Human Rights Group Says Bozeman Housing Ordinance Discriminatory

By Beacon Staff

BOZEMAN – The state’s Human Rights Bureau says it has found “reasonable cause” to believe that a Bozeman housing ordinance is discriminatory.

The ordinance prohibits more than four unrelated people from living together unless they meet certain criteria. Bozeman’s assistant planning director Chris Saunders says the rule has been in effect for more than 30 years and is meant to limit the “intensity of use” at a property. He says that too many occupants can cause conflicts with neighbors.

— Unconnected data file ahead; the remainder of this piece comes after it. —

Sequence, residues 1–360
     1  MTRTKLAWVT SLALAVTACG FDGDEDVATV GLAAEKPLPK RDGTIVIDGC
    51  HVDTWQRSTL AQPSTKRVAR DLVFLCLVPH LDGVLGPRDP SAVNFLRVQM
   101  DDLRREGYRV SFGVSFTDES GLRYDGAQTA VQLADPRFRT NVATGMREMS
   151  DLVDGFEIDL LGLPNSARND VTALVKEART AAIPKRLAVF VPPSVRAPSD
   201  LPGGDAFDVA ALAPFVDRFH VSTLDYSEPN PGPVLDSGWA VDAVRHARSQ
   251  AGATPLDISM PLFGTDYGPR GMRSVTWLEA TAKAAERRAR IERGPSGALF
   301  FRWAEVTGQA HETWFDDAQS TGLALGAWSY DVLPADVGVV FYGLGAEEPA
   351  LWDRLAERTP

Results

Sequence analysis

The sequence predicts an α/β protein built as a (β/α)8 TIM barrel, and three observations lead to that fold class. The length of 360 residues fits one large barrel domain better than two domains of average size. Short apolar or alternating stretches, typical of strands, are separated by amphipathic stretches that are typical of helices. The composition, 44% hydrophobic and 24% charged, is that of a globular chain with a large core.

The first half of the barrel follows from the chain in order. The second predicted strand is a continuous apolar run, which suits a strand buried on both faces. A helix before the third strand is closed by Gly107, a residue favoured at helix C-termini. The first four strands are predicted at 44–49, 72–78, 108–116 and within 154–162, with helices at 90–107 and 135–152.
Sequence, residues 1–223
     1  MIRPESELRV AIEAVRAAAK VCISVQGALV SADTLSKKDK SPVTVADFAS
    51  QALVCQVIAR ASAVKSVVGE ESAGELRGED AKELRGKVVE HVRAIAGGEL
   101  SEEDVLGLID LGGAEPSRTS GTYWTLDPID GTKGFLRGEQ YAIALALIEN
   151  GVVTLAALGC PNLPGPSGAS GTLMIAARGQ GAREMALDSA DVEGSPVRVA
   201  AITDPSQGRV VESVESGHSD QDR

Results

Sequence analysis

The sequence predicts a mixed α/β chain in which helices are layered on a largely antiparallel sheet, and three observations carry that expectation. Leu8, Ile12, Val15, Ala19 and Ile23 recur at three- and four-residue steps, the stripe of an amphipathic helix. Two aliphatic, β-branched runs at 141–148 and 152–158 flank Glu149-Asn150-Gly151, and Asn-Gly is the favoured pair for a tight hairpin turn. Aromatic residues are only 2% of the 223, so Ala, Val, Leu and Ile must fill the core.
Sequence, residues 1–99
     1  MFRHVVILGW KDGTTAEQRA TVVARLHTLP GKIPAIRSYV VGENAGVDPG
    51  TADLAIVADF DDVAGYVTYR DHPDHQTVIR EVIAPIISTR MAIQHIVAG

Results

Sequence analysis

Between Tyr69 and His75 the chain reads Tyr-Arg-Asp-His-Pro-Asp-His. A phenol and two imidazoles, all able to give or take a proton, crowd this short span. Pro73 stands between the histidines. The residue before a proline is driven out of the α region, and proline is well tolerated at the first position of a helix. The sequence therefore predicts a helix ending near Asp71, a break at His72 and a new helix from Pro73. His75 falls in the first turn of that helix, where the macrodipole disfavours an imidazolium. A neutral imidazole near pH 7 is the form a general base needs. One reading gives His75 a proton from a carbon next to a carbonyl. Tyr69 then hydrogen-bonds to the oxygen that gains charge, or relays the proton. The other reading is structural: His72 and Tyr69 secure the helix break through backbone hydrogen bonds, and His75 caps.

Montana Fair Housing, a Butte-based advocacy group, complained to the state about the ordinance in June, saying it prevents people from living together to offset costs. Deputy City Attorney Tim Cooper counters that more than four unrelated people can live together if they qualify for a conditional-use permit or as a “cooperative household.”

The city and MFH now have the option of taking the Oct. 8 finding to court or to a state Department of Labor hearings board.

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